ISSN 2330-717X

Syrian Leader Assad ‘Has Lost All Humanity’: UN Chief


Syrian troops tightened their siege on the city of Hama Tuesday, sending residents fleeing for their lives and drawing a fresh wave of international condemnation against a regime defying the growing calls to end its crackdown on anti-government protesters.

UN leader Ban Ki-moon said Syrian President Bashar Assad has “lost all humanity” as the UN Security Council held new talks on the Syrian government’s deadly crackdown on protests.

His remarks came as the UN Security Council held a second day of talks on Syria on Tuesday.

Syria President Bashar Assad
Syria President Bashar Assad

US Secretary of State Hillary Rodham Clinton, meanwhile, met with US-based Syrian democracy activists as President Obama’s administration weighed new sanctions on Syria.

US Congressional calls also mounted for action against President Assad’s regime, as the death toll from two days of military assaults on civilians Sunday and Monday neared 100.

Italy recalled its ambassador to Syria “in the face of the horrible repression against the civil population” by the government, which launched a new push against protesters as the holy month of Ramadan began Monday.

It was the first European Union country to pull its ambassador, and the measure came a day after the EU tightened sanctions on Syria.

The mounting international outcry has had no apparent effect so far in Syria.

The top US military officer said Washington wants to pressure the Syrian regime. But he said there was no immediate prospect of a Libya-style military intervention.

“There’s no indication whatsoever that the Americans, that we would get involved directly with respect to this,” Joint Chiefs chairman Adm. Mike Mullen said Tuesday.

And there was no sign that the regime was willing to back down.

Also Tuesday, activists said dozens of supporters of Assad attacked a small rally against the Syrian president and his regime in Beirut, landing at least one protester in hospital.

A security official said there had been a clash outside the Syrian embassy between pro- and anti-Assad demonstrators on Tuesday evening but could not give further details.

Two activists who had attended the rally said around 30 members of local civil society groups gathered outside the embassy to protest against the Syrian regime and were immediately attacked by some 40 belt-wielding Assad supporters.

At least one injured activist was taken to Beirut’s Makassed hospital, they said.

There has been an intensified campaign in Syria since Sunday, apparently aimed at preventing protests from swelling during Ramadan.

As expected, protests erupted Monday evening across the country, with hundreds turning out in cities including Homs, Latakia, the Damascus suburbs and the eastern city of Deir el-Zour.

There were scattered protests in Hama, but heavy shelling kept most people inside. Hama has been the target of the recent operation because it has emerged as an opposition stronghold.

The city has a history of defiance to the Assad family 40-year dynasty in Syria. In 1982, Assad’s father, Hafez Assad, ordered the military to quell a rebellion by Syrian members of the conservative Muslim Brotherhood movement.

The city was sealed off and bombs dropped from above smashed swaths of the city and killed between 10,000 and 25,000 people, rights groups say.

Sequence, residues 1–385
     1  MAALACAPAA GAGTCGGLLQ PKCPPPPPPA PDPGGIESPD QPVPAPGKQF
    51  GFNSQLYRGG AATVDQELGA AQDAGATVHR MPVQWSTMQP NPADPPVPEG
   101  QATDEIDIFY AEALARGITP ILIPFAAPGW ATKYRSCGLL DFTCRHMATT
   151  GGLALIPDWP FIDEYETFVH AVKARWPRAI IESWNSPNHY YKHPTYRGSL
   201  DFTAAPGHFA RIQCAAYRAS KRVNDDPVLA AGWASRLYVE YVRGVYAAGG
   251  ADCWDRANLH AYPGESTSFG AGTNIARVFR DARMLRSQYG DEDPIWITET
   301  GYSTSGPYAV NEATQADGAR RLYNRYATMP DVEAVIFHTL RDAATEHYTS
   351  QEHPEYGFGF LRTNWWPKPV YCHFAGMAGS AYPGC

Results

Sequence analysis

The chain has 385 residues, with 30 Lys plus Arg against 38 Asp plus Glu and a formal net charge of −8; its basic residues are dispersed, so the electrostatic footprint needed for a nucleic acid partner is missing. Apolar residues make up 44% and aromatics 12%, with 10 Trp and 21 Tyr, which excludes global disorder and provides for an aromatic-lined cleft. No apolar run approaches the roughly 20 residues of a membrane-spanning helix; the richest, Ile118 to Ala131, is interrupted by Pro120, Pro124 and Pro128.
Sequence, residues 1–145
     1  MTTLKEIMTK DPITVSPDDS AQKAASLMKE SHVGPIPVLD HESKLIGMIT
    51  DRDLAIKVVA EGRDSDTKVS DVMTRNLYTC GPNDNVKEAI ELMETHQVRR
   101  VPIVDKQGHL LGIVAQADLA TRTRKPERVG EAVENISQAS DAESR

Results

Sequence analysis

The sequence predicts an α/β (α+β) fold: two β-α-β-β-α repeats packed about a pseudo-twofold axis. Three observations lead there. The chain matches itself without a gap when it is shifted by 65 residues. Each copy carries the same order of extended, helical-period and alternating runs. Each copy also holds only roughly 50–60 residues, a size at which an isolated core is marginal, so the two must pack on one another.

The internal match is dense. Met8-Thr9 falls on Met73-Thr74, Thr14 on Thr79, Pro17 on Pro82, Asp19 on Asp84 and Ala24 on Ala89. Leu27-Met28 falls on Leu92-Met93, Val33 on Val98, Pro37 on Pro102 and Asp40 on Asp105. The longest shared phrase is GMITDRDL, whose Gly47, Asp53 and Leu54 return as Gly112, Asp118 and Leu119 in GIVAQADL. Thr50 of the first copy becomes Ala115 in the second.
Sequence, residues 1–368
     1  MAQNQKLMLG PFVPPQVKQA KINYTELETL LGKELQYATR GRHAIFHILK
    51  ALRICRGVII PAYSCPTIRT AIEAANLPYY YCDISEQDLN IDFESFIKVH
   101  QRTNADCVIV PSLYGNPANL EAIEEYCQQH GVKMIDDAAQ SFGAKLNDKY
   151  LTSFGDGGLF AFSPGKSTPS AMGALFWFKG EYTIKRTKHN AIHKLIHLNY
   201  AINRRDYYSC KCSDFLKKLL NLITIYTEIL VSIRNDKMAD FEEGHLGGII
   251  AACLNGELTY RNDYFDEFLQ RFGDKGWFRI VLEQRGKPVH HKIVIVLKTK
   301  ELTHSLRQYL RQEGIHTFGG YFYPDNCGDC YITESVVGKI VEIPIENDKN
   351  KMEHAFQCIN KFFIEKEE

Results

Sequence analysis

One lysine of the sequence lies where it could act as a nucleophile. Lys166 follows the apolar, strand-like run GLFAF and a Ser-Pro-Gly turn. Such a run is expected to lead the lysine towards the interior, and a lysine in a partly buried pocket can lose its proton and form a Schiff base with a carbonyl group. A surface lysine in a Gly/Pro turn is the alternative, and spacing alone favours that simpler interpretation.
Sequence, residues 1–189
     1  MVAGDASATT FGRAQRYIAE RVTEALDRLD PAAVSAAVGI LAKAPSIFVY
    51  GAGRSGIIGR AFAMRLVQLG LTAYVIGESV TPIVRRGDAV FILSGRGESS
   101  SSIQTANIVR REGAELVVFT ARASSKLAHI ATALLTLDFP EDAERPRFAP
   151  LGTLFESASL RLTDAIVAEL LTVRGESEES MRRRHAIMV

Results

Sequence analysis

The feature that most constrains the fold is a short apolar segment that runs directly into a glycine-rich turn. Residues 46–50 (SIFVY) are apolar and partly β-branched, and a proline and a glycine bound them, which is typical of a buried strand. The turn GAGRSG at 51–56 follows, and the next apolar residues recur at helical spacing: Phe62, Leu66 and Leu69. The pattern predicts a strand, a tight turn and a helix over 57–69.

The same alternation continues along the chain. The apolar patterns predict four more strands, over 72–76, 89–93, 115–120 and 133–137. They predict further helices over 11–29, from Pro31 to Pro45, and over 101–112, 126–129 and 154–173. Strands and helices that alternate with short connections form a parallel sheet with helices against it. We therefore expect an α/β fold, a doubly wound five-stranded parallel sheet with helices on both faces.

Hama-based activist Omar Hamawi said troops advanced about 700 yards (meters) from the western entrance of the city overnight, taking up positions near homes and buildings in an area known as Kazo Square.

He said the force consisted of eight tanks and several armored personnel carriers.

Hamawi said troops were also reinforced on the eastern side of the city around the Hama Central Prison, an overcrowded jail.

He said residents there saw smoke billowing from the prison overnight and heard sporadic gunfire from inside, leading some to believe the inmates were rioting. He added that it was impossible to know what was exactly going on in the prison or whether there were casualties inside the tightly controlled facility.

The activist also said parts of Hama were hit with heavy machine gun fire after sporadic shelling.

He said a shell hit a compound known as the Palace of Justice in the city center, causing a huge fire that burned much of the building, which is home to several courts.

Activists said around 24 people were killed Monday and 74 on Sunday, most of them in Hama. There were minor discrepancies in Monday’s death tolls, ranging from 19 to 25. The differences could not immediately be reconciled.

About 1,700 civilians have been killed since the largely peaceful protests against Assad’s regime began, according to tallies by activists.

The regime disputes the toll and blames a foreign conspiracy for the unrest, saying gangs and religious extremists — not true reform-seekers — are behind it. State-run TV aired video footage Tuesday purportedly filmed in Hama showing men carrying rifles in the streets of the city — an attempt to bolster their claims that thugs are driving the violence.

Syria has banned independent media coverage and has prevented most foreign journalists from entering the country, making it difficult to verify events on the ground.

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Arab News

Arab News is Saudi Arabia's first English-language newspaper. It was founded in 1975 by Hisham and Mohammed Ali Hafiz. Today, it is one of 29 publications produced by Saudi Research & Publishing Company (SRPC), a subsidiary of Saudi Research & Marketing Group (SRMG).

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